Welcome to Agadir

Agadir is very different from any other city in Morocco. Built next to a tragedy – the earthquake of 1961 that killed 15,000 – it exhibits a totally different city culture and architecture from the rest of the country. Agadir was, and continued to be a favourite tourist destination. So it is no wonder that it was the needs of tourists which more than any other thing made the street wide and straight, houses low and minimalistic and which placed hotels between the city and the beach. Some people hate Agadir because there is very little that happens automatically here, while others find it all very attractive. One thing is definatly true: for every year that pass, streets become more and more lively, and more and more Moroccan elements move in where minimalist white houses before have dominated.


OK! So Agadir might not be all that spectacular. And not all that Oriental, either. But as soon as you're down on the beach, it is easy for anyone to really enjoy the city. The beach is all about relaxing!
The beach is simply spectacular. It is clean, long, wide and there is a continuous breeze coming in from the Atlantic which makes it a pleasant place all through the day. The only drawbacks are the undercurrents, which can be strong and dangerous, and the temperatures which can be unpleasantly low in winter time.
For many visitors, Agadir is too modern. For others, it is a functional, open and beautiful change from the more typical cities found all around Morocco: where vinding streets lead you past Arabic houses which sometimes thrive in luxury and somtimes scream out for repair. There is a simple explanation to the differentness of Agadir. After the earth quake of 1961, the idea was that the newly independent country (since 1956) should prove that it belonged to the Western world just as much as the African and Muslim world — just like what had been the case through most of Morocco's history. Styles were mixed for the new city, and the hottest of European ideas of the functional city was implemented. European architects introduced wide boulevards, and the simle lines of the Arab house was mixed with modern Western architecture of the same period.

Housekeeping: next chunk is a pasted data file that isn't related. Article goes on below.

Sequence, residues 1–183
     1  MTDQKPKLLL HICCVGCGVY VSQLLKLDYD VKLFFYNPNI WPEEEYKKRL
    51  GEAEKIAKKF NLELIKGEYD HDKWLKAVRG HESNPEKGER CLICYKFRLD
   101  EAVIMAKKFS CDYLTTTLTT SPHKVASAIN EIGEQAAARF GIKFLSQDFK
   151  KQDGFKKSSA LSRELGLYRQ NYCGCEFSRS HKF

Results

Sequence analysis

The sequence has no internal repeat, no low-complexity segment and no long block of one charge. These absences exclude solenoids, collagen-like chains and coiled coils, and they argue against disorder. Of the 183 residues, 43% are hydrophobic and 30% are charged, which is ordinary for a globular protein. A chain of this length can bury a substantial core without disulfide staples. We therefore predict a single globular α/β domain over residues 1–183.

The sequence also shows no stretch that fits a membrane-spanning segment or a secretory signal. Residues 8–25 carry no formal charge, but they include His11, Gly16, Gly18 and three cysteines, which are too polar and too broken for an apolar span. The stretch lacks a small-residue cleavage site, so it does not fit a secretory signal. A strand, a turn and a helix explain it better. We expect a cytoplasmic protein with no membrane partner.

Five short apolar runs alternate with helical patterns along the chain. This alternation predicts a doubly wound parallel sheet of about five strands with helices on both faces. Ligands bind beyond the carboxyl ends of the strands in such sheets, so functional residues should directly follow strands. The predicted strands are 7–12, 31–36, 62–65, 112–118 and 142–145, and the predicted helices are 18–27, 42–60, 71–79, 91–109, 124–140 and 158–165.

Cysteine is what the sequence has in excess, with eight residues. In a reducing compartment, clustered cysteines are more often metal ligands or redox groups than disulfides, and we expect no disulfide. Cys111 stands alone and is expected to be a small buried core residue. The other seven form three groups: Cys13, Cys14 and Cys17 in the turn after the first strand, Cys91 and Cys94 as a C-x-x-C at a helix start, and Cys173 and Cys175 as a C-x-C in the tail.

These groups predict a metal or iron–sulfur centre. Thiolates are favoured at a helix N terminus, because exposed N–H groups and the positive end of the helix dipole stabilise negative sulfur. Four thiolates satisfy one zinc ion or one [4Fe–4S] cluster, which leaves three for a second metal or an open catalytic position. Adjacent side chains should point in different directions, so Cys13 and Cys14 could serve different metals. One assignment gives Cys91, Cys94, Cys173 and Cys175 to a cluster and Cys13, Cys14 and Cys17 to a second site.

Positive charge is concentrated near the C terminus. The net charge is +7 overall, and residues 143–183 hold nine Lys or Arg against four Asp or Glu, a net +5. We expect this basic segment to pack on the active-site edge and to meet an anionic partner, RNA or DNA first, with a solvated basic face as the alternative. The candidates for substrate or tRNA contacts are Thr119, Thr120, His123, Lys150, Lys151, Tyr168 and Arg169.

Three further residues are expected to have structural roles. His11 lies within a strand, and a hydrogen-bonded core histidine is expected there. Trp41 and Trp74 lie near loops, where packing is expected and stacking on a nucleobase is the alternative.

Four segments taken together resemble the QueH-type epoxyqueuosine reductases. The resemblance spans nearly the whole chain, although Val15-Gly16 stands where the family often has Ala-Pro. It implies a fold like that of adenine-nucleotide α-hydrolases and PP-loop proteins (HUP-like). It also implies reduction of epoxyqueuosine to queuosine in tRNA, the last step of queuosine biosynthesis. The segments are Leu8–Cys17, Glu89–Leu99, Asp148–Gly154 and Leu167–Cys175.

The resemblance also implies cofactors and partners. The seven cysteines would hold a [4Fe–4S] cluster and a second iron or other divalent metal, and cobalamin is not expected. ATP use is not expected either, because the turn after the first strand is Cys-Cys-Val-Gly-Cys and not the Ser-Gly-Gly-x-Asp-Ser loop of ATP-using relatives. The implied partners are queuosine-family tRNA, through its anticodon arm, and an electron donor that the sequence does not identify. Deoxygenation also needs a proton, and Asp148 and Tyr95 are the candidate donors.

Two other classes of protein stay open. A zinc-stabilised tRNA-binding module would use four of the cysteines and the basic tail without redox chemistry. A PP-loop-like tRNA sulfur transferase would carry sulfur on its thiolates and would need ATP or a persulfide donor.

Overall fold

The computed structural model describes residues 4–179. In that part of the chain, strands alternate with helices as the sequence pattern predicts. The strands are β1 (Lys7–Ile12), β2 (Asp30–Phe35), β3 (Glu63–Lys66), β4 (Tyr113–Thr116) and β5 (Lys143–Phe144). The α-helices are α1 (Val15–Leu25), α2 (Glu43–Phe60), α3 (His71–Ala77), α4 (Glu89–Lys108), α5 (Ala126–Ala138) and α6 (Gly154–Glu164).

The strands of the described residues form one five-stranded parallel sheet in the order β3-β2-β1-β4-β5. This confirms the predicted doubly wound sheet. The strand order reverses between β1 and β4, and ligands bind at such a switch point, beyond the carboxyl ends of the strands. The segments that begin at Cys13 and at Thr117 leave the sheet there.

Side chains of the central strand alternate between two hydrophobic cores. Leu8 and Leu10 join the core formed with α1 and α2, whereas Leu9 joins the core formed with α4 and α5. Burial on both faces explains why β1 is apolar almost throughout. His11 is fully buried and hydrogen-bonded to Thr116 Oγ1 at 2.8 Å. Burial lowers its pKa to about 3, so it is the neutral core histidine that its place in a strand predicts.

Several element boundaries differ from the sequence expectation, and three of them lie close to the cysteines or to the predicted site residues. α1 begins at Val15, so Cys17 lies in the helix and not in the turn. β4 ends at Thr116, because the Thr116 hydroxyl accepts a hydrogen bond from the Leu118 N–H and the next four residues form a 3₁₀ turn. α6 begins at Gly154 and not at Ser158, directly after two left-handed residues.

Agadir has a lot of hotels that range from lousy places that double as brothels to five star hotels with more than one swimming pool. Agadir is stadily getting more and more popular as a tourist destination, and anyone coming here during European or Muslim holidays as well as weekends should try to make reservations ahead. Restaurants and alternatives Agadir has plenty of restaurants, and is one of the few places in Morocco where Western style restaurants manage to serve good foreign food. But still, there are more mediocre than good places around. And as so often else in this country, the price level doesn't necessarily indicate anything in respect of quality. If you really look for some great genuine Moroccan food, step out from the tourist streets and look for the first place where normal Agadirians stay and eat: this is the place where the people who know go. Activities Agadir offers a wide range of activities. Along the beach, camel rides, water scooters and parachute-pulling of speed boats are standard offerings. Apart from that, there are many tennis courts, but if your hotel doesn't have one, you will have to look quite a bit around to find a place that will open to you. Agadir also has a 18 hole golf course. Nightlife Agadir's night life is fairly good seen with European eyes, but fantastic seen with Moroccan eyes. Most dicos and clubs are part of hotels, but they normally allow outside guests. Some, but only a few of these are frequented by normal Moroccan girls, but in most cases when there is a Moroccan girl in such a place, she is actually out working. Moroccan men are numerous in places like this, and unfortunately a good number of these are de facto prostitutes too: looking for Western women with whom they will spend time and have all expenses paid as well as expecting a gift. But just like with women , a good number of the men are just out having fun. Change Money Agadir has several banks, as well as ATMs. Many hotels will change money. Transportation Agadir has buses passing through just east of the Talborjt up town. But most of the traffic from Agadir is served through Inezgane. In order to get to Inezgane, you will have to jump on a bus (easy, cheap) or take a taxi (easy, not expensive if you know how much to pay). How to get there Agadir has good connections with all possible destination. Air planes bring you to most destinations in Morocco, even in southern direction. There are even internatioal flights on Agadir. Most of these are chartered flights, as tourism is the main activity down here. For many europeans, Agadir is the most affordable destination in North Africa. Morocco imageBuses are preferred by most Moroccan travellers, but has a tendency of becoming full quickly, much because Agadir is only a stop on the way south or north. Morocco imageShared taxis could have been easier to use in Agadir, as you have to go to the neighbouring Inezgane (10 km south) (which is part of larger Agadir) to get one. Hired taxis, a bit more expensive, can be ordered to come to your hotel, but a company of six (the maximum number of passengers in a Moroccan taxi) pay more each than they would do in a normal, shared taxi, which has fixed rates. Morocco imageRenting a car in Agadir is easy, and a little bit less expensive than in other parts of Morocco. At around 2500- 3000 dh a week (all included, except gaz) a small car is at your disposal, and small villages can be reached easily. The cheapest deals are normally with the company Tourist Cars, but my last experience with them was a car that almost killed me. Of the cheap companies, Afric Cars is the best.

 

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